- Those with continuous insurance coverage, or no gap, couldn’t be subjected to such exclusions — at least for a period equal to their time on the previous insurance plan. In other words, if you had coverage for at least a year before, there would be no exclusions. If you had insurance for only six months on your old plan, the new plan could refuse to cover your preexisting conditions for six months.
- There were some protections for people moving from employer plans to the individual market, but they were complicated. If an individual had 18 months of continuous coverage and had exhausted eligibility for COBRA — which allows individuals to stay on their previous employers’ plan if they pay the full premium, an insurer on the individual market couldn’t deny a policy or exclude preexisting conditions. But the insurer could charge more based on health status.
“People were certainly subjected to preexisting condition clauses and could be for up to a year,” Jost said of the pre-ACA employer-sponsored insurance market.
We asked Protect Our Care about its claim that “insurance companies could deny you coverage” before the ACA, even though employer plans couldn’t deny coverage outright. Communications Director Amanda Harrington replied that the ACA’s provisions were still important to those with work-based insurance, because without those protections “we would go back to a time when people are essentially shackled to their employer-sponsored coverage.”
Jost, too, made the point that the ACA gave peace of mind to anyone worried about losing employer-sponsored coverage, and more freedom to those who wanted to leave their jobs to start their own business. Those employees know that under the ACA they can’t be denied coverage or pay more based on medical conditions on the individual market.
When we delved into this issue in the past, experts also made the point that small employers could have faced higher premiums, before the ACA, if a few of their employees had health conditions that would then increase costs for the group.
If this court case were ultimately successful and eliminated preexisting condition protections under the ACA, there would be some impact on some individuals with employer-sponsored coverage. But it’s the individual market that would go back to a time when insurers could deny coverage outright.
130 Million Have Preexisting Conditions?
The ad, as well as several Democratic politicians, have said that about 130 million Americans have preexisting conditions, and the figure comes from an Obama-era Department of Health and Human Services report. But that analysis concerned who could be denied coverage or charged more if they were seeking coverage on the individual market before the ACA’s protections went into effect in 2014. We would caution readers to pay attention to how this figure is being used.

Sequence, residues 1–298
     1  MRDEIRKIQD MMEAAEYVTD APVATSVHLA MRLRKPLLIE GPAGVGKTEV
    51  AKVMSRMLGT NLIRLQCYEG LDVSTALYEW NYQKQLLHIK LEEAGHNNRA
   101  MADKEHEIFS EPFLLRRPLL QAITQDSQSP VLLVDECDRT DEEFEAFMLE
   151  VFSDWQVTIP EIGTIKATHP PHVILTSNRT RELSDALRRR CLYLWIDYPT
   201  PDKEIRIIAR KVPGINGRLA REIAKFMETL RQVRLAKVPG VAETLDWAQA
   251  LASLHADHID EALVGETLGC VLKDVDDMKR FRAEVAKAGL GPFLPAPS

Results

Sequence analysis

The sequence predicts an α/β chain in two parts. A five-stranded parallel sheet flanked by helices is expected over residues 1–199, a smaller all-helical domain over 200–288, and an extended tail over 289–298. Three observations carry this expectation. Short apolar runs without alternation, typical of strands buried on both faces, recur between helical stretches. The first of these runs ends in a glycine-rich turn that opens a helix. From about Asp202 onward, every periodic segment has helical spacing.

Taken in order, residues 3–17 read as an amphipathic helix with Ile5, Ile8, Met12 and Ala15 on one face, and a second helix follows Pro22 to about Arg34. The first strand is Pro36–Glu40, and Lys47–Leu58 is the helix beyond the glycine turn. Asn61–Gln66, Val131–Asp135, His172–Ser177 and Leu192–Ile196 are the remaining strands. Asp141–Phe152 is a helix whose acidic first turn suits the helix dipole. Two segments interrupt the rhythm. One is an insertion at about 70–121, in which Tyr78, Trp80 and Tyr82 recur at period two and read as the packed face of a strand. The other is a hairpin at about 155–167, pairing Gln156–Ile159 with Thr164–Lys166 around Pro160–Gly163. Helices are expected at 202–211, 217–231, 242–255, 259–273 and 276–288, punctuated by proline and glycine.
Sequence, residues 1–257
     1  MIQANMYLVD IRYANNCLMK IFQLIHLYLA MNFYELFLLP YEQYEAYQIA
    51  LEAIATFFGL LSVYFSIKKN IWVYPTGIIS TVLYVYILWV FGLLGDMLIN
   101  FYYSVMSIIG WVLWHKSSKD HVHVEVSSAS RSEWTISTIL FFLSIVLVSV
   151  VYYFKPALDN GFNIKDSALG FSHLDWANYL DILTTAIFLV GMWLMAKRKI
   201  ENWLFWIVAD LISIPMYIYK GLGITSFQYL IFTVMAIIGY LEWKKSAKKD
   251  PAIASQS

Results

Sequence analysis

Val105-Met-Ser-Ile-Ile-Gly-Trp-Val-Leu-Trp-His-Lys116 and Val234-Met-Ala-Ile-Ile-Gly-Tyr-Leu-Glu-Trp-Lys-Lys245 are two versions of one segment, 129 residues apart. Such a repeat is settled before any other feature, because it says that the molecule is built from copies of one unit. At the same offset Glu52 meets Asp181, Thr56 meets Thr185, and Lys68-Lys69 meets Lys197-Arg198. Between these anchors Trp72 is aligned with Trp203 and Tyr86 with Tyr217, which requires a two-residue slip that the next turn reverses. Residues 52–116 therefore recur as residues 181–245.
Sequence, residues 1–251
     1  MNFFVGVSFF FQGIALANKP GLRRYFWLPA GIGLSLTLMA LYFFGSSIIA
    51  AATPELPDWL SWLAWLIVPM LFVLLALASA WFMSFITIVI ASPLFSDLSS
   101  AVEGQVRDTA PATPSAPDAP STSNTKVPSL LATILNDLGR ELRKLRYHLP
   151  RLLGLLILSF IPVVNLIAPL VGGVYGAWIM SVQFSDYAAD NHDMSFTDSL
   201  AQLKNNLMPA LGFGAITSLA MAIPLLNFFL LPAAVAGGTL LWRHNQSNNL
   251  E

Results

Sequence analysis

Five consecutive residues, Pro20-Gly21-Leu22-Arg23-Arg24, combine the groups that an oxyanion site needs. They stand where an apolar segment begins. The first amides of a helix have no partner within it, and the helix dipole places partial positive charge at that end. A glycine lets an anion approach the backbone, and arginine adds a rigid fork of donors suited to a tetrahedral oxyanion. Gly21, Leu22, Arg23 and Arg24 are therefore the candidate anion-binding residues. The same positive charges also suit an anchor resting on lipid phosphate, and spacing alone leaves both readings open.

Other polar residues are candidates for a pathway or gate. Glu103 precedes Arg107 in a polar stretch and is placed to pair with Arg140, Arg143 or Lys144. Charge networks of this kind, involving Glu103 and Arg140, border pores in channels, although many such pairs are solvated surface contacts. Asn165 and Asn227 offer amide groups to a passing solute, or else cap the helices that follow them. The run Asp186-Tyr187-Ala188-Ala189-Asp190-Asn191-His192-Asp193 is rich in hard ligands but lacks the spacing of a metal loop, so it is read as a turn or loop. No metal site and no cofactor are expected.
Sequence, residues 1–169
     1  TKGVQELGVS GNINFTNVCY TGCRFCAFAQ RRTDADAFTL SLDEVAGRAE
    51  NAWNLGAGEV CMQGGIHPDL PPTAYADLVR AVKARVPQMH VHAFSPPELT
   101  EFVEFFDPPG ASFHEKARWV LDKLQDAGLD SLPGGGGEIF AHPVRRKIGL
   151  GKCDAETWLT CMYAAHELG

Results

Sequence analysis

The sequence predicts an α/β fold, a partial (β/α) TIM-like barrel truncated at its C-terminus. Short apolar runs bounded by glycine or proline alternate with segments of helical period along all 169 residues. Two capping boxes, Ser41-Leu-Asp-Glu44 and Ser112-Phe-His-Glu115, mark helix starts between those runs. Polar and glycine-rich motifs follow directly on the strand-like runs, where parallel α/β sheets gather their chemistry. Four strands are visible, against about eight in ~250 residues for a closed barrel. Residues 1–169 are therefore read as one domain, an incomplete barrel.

For instance, Sen. Kamala Harris tweeted on June 12 that if the Trump administration were successful through the Texas lawsuit, “up to 130 million could be denied necessary and affordable health care.” A petition on Harris’ website also says “up to 130 million could be denied care.” But the HHS report doesn’t say that.
Instead, the report says that 61 million to 133 million people with preexisting conditions could be “denied coverage, charged significantly higher premiums, subjected to an extended waiting period, or having their health insurance benefits curtailed should they need individual market health insurance coverage.” (Emphasis is ours.)
So, if those 133 million people, or 51 percent of the nonelderly population in 2014, all needed to get insurance on the individual market — which is highly unlikely — they could face some discrimination based on preexisting conditions. But even then, they wouldn’t all be “denied care.”
The range of numbers in the HHS report are based on a narrow definition of those with a condition that generally would have led to a denial of coverage (the 61 million people) and a “broader definition” of conditions used by insurers on the individual market before the ACA to deny coverage, charge more or exclude some coverage (the 133 million). The broader measure includes common conditions such as arthritis, high cholesterol, asthma and obesity.
The HHS report says 67 percent of the 133 million with preexisting conditions had employer-sponsored insurance in 2014. Another 17 percent had Medicaid or Children’s Health Insurance Program coverage — which also can’t deny coverage based on health conditions. Some of these individuals may well need, or want, to seek coverage, even temporarily, on the individual market.
But as the HHS report makes clear, they would have to enter the individual market, one without the ACA’s protections, to be subject to a denial or higher health-based premiums.